There's always that one guy on the bench whose appearance in a regular season or playoff game says "blowout". During the Sonics' heydey, it was Steve Scheffler; in football, it's almost always the backup quarterback.
With the not-unanticipated 35-6 domination of the banged-up Baltimore Ravens, Seattle closed out this weekend's game with Tarvaris Jackson on the field. Last week, Jackson made his inaugural showing in the 38-7 rout of the Minnesota Vikings.
The kind of blowout scores that motivate calling up the second-string QB aren't especially common, but they're highly unusual in back-to-back games. The natural question is when the last time the Seahawks put in their backup quarterback in consecutive weeks out of anything other than necessity. The answer to that lies below, but we'll dig through all the blowouts of the last few years to find it because, let's be honest, it's just fun to relive some of this.
What follows are all the blowout victories of the Russell Wilson era in which his backup has closed out the game.
Week 11 -- 41-20 vs Minnesota Vikings: At one point in the 2nd quarter, the score was 10-10. That initiated the first Seahawks burst: a deep drive capped by a Lynch TD run, a short field and Baldwin TD strike, and it was suddenly 24-13. Neither team scored for a full 15, but facing Christian Ponder, the Seahawks defense came up with a pair of interceptions in the final frame -- one led to an 18-yard touchdown drive, one was a pick-6 that broke the llama's back. Neither team wanted to keep its starting quarterback in with the tally at 38-13. Matt Cassel took over for the Vikes and quickly chucked a pick; T-Jax dropped back for 3 passes in 10 plays under center, completing one for 6 yards.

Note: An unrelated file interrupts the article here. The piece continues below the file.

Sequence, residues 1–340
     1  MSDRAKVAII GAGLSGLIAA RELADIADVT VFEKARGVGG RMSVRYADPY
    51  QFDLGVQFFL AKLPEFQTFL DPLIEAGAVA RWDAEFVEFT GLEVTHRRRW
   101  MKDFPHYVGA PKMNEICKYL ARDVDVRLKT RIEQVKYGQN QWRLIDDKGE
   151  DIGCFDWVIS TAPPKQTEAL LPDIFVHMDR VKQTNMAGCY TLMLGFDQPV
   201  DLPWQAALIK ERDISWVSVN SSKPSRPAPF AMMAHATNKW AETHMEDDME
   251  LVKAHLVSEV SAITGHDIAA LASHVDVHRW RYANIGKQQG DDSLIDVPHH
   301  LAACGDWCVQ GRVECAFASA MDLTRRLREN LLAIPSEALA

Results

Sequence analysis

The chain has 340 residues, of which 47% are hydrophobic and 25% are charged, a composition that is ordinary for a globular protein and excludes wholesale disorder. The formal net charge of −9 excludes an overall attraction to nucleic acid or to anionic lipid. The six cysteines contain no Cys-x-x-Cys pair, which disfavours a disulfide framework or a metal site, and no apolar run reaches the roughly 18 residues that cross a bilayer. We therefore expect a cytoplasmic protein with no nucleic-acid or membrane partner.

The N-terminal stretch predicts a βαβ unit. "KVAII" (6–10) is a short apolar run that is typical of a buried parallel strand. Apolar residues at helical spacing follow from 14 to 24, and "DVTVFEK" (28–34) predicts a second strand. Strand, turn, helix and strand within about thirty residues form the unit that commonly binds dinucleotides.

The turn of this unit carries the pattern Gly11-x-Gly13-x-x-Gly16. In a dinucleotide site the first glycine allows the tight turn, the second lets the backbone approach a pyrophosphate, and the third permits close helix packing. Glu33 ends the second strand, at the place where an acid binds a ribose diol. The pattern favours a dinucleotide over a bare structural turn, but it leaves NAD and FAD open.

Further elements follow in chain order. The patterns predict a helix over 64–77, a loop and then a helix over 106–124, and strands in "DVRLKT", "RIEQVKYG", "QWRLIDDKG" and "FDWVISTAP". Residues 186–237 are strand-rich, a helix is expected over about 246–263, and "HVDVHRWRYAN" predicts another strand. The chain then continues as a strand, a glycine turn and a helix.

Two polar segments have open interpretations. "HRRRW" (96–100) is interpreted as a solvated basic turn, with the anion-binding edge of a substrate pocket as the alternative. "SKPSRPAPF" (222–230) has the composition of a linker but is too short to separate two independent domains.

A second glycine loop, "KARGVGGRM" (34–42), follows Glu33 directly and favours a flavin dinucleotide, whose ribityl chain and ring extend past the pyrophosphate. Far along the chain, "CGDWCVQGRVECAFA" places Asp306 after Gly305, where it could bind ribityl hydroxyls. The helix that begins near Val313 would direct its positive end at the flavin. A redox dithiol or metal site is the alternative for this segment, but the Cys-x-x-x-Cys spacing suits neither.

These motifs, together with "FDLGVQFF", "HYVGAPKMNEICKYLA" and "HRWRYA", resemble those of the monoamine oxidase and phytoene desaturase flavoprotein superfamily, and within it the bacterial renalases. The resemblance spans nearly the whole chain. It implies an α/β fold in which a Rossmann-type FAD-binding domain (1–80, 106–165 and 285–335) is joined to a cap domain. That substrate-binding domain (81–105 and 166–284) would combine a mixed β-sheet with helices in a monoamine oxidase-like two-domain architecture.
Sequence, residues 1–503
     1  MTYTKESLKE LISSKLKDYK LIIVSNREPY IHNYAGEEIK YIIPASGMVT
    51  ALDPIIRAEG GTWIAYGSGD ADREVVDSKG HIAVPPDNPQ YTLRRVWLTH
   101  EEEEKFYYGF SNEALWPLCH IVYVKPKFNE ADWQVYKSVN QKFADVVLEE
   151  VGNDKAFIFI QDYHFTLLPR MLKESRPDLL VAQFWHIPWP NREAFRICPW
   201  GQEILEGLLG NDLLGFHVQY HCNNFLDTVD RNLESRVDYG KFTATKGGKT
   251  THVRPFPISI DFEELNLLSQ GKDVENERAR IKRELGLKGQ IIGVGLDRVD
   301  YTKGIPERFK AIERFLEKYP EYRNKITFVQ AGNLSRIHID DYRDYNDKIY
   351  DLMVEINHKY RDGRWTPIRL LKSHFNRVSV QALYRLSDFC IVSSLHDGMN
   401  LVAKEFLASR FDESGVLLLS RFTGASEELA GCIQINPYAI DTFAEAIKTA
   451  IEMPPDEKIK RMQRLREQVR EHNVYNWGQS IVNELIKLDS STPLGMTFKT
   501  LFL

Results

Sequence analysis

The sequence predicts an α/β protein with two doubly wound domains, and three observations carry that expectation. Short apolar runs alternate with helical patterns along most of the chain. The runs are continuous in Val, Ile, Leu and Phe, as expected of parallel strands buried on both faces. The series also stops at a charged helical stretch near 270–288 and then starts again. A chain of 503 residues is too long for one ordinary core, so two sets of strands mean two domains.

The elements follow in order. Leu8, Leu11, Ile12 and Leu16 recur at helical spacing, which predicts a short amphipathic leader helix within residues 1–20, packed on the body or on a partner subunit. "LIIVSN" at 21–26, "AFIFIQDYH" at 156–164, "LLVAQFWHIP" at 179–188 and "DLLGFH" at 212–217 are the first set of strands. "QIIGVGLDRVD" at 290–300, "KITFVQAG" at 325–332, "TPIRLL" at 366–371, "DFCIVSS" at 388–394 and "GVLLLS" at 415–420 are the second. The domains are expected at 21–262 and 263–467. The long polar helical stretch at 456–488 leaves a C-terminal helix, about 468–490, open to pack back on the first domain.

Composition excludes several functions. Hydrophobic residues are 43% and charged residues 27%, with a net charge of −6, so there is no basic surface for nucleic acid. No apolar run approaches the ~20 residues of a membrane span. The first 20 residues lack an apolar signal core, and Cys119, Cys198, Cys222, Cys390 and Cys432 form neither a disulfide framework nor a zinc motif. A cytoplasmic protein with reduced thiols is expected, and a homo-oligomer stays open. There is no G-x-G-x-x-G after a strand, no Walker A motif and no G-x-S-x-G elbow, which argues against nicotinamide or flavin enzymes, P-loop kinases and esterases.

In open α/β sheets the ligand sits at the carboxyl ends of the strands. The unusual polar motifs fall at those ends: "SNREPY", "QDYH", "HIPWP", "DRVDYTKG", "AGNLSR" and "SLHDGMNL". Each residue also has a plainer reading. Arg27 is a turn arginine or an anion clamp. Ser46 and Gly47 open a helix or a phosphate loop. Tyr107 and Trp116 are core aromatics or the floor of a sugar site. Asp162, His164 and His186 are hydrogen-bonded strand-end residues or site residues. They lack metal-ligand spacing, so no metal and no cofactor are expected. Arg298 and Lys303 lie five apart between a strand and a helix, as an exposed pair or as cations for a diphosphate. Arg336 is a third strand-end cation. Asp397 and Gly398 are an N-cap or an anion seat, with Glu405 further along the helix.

Week 15 -- 23-0 at New York Giants: The Giants were in dire straits already, and hosting Seattle killed their post-season dreams. Russ stayed in for most of the game as the Seahawks held onto a 16-0 lead heading into the 4th quarter. His dagger was a pass to Doug Baldwin. Jackson joined the fray with about 10 minutes left, turned in a 3-and-out, then got the ball back after New York ate some clock before an Eli Manning INT to Earl Thomas. T-Jax closed the game by going 2-for-2 for 16 yards.
Super Bowl -- 43-8 vs Denver Broncos: You all saw it. The game opened with a safety, and Seattle tacked on points on its next 4 possessions, not stopping until a punt 5 minutes into the 3rd quarter and up 29-0. Jackson answered the phone with the game thoroughly out of hand at 43-8 with 3:44 left; he threw an incompletion to Ricardo Lockette. And we all celebrated because Tarvaris Jackson finally got his Super Bowl ring.
Week 15 -- 50-17 at Buffalo Bills: A week after dropping a full 50-burger and donut on Arizona -- the old breakfast-and-dinner combo -- the Seahawks still had enough to make hash out of the Bills with a brutal combination of Wilson runs and Lynch pounds. By halftime, Wilson had 3 TDs on the ground and one through the air, though Seattle led only 31-17. But Seattle's offense marched for a pair of long scoring drives to open the 2nd half, then saw Earl Thomas bring back a Ryan Fitzpatrick miscue 57 yards for a score; by the time the third quarter closed, it was 47-17. In spite of the absurd lead, Russ opened the final frame with a field goal drive; Matt Flynn entered with just over 4:30 to play, gave the ball to Robert Turbin a few times, and the Seahawks never saw the field again.
(Honorable Mention) Week 16 -- 42-13 vs San Francisco 49ers: Yes, three weeks in a row, Matt Flynn entered the field of play in 2012, but this game only gets honorable mention because Flynn came in to sit on it. Prior to kickoff, the contest had all the makings of what we now think of as an old-school Seattle-San Fran tilt. Seattle was 9-5, San Francisco 10-3-1, and the Seahawks were looking to make the playoffs by either winning the division or securing a wild card berth. After a failed 49ers possession, Seattle got the ball at the SFO 35-yard line and ran 2 plays, the second a 24-yard Lynch rumble for a score. The 49ers punted again, Seattle scored a TD; the 49ers drove for a field goal try, Seattle blocked it and Sherman took it back for a third score; the 49ers finally got a field goal, Seattle scored another TD. By the end of 3, this on-paper tight game was 35-6, but the Seahawks wanted more. Russ stayed in through the next series, capping it with a Baldwin TD pass. Matt Flynn got in the game with 1:40 remaining, took a knee thrice, and the Seahawks got on everyone's radar as The Team You Don't Want To Face.